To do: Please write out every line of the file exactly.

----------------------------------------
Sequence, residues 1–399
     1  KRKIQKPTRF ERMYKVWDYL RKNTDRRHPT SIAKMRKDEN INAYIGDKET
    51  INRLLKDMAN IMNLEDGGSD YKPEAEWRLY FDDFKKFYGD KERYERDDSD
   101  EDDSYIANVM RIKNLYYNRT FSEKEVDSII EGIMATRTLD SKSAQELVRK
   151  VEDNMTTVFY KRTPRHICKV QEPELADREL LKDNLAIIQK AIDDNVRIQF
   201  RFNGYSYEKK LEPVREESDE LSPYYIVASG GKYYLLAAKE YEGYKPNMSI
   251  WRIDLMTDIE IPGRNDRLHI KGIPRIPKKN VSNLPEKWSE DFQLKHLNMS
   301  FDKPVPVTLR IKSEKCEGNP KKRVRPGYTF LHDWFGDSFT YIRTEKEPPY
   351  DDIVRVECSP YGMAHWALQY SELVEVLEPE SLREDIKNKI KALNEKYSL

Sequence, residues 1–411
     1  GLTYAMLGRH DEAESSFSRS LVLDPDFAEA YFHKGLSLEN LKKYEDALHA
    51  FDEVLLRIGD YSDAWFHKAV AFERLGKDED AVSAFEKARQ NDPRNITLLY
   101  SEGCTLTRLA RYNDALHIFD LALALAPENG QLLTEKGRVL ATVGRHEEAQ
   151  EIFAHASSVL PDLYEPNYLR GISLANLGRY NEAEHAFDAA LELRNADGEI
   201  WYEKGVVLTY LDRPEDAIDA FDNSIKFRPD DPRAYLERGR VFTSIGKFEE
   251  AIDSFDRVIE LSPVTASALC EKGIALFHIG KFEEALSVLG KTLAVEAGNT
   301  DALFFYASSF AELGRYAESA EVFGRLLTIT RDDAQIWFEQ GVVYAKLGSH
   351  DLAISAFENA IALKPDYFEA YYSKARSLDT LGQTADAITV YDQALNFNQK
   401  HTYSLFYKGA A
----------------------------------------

Sequence, residues 1–399
     1  KRKIQKPTRF ERMYKVWDYL RKNTDRRHPT SIAKMRKDEN INAYIGDKET
    51  INRLLKDMAN IMNLEDGGSD YKPEAEWRLY FDDFKKFYGD KERYERDDSD
   101  EDDSYIANVM RIKNLYYNRT FSEKEVDSII EGIMATRTLD SKSAQELVRK
   151  VEDNMTTVFY KRTPRHICKV QEPELADREL LKDNLAIIQK AIDDNVRIQF
   201  RFNGYSYEKK LEPVREESDE LSPYYIVASG GKYYLLAAKE YEGYKPNMSI
   251  WRIDLMTDIE IPGRNDRLHI KGIPRIPKKN VSNLPEKWSE DFQLKHLNMS
   301  FDKPVPVTLR IKSEKCEGNP KKRVRPGYTF LHDWFGDSFT YIRTEKEPPY
   351  DDIVRVECSP YGMAHWALQY SELVEVLEPE SLREDIKNKI KALNEKYSL

Sequence, residues 1–411
     1  GLTYAMLGRH DEAESSFSRS LVLDPDFAEA YFHKGLSLEN LKKYEDALHA
    51  FDEVLLRIGD YSDAWFHKAV AFERLGKDED AVSAFEKARQ NDPRNITLLY
   101  SEGCTLTRLA RYNDALHIFD LALALAPENG QLLTEKGRVL ATVGRHEEAQ
   151  EIFAHASSVL PDLYEPNYLR GISLANLGRY NEAEHAFDAA LELRNADGEI
   201  WYEKGVVLTY LDRPEDAIDA FDNSIKFRPD DPRAYLERGR VFTSIGKFEE
   251  AIDSFDRVIE LSPVTASALC EKGIALFHIG KFEEALSVLG KTLAVEAGNT
   301  DALFFYASSF AELGRYAESA EVFGRLLTIT RDDAQIWFEQ GVVYAKLGSH
   351  DLAISAFENA IALKPDYFEA YYSKARSLDT LGQTADAITV YDQALNFNQK
   401  HTYSLFYKGA A